Question:  I currently work in an extended daycare program for children aged five to twelve.  It is hard to keep all children of these varying ages interested and engaged at all times.  However, I have a great team that works together to meet all the children’s needs except for one child.  This particular child will not communicate with anyone nor will he play with any other kids.  When he arrives he sits in the corner and refuses to follow any direction.  He seems to be very shy, angry, defiant, and sad at the same time.  I know he receives certain services during school, but I was wondering what to do with the child while he is in daycare.  Do I let him be or keep attempting to get him involved even though it angers him?

Myrna Shure:  This is a difficult situation because this boy is no doubt suffering from a mental health dysfunction that requires professional care, which he appears to be getting.  Not knowing the age of this child, it is possible that finding out his favorite music, perhaps by asking his parents, and playing it softly in the background may soothe him.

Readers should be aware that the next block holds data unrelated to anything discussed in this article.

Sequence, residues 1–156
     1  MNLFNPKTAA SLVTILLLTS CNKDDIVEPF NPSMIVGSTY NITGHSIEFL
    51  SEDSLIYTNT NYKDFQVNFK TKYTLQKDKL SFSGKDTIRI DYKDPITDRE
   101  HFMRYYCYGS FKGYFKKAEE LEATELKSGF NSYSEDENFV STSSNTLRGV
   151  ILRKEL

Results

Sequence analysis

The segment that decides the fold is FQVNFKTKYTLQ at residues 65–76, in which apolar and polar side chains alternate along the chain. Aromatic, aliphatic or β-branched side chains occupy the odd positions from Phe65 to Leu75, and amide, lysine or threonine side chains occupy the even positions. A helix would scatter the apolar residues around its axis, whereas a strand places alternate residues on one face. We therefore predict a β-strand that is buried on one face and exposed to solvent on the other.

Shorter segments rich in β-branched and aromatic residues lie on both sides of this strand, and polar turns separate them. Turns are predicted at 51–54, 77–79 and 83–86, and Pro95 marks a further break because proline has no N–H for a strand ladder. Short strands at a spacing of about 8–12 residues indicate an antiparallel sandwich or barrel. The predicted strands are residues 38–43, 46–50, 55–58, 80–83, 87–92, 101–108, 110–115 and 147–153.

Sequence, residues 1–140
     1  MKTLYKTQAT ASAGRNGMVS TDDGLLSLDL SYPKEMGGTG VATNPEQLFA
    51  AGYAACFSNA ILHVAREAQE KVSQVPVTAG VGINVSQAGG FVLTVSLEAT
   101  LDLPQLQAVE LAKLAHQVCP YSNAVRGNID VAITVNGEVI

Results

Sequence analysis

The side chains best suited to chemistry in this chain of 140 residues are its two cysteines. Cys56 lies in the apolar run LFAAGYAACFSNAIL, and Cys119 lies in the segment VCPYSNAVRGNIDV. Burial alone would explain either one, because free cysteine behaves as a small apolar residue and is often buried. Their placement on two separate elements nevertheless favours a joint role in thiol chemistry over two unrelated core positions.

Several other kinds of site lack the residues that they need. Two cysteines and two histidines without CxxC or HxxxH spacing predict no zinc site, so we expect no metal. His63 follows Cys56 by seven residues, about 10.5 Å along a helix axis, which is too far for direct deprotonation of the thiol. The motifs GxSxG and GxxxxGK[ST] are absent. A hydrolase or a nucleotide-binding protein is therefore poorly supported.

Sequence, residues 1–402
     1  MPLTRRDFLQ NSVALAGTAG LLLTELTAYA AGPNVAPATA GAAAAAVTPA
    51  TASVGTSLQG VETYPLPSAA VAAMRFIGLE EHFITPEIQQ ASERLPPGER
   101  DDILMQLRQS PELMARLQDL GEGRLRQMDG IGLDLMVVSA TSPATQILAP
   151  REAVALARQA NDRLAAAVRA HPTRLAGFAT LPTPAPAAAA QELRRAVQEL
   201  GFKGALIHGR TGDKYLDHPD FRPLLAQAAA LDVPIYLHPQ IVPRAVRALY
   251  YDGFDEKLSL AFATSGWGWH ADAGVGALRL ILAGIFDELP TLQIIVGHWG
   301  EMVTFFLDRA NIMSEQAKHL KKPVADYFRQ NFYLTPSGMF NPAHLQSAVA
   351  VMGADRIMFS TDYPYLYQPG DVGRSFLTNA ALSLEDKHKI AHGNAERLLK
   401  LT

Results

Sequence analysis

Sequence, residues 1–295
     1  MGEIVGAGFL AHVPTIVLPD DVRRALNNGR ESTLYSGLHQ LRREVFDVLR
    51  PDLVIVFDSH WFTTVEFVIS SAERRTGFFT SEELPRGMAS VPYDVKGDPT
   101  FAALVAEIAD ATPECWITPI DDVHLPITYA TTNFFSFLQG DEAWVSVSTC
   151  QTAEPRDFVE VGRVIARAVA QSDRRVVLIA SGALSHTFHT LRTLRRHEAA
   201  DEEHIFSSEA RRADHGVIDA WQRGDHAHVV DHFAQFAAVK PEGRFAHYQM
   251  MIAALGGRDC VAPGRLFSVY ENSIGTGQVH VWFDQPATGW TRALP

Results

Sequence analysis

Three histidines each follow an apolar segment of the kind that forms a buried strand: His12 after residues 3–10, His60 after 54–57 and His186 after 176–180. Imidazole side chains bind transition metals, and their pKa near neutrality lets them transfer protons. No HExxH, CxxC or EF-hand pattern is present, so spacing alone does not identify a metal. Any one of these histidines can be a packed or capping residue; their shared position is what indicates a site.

You want to avoid putting any pressure on him with statements as, “Come join us,” or “Come on over and play with the boys over there.”  In a situation like this, more subtle techniques will work better.  Offer him an age-appropriate toy, such as an action figure, a puppet, or a stuffed animal that is already in the classroom.  Let him just hold it.  The next day bring out another toy.  Show him how the two action figures, puppets, or stuffed animals can play with each other, or talk with each other, and then offer him a chance to have the two toys talk or play with each other.   I have found that children will often talk through a puppet when they won’t talk themselves.  I have also found that children who won’t express their feelings will show them by having the puppet make a happy, sad or angry face.  Once the puppets are talking, this could serve as a bridge to the boy expressing his feelings, and in time, talking with other children.

Becoming engaged in activities and relating to other children will take time, but starting with activities that interest him, away from other children at first, might be a good way to start.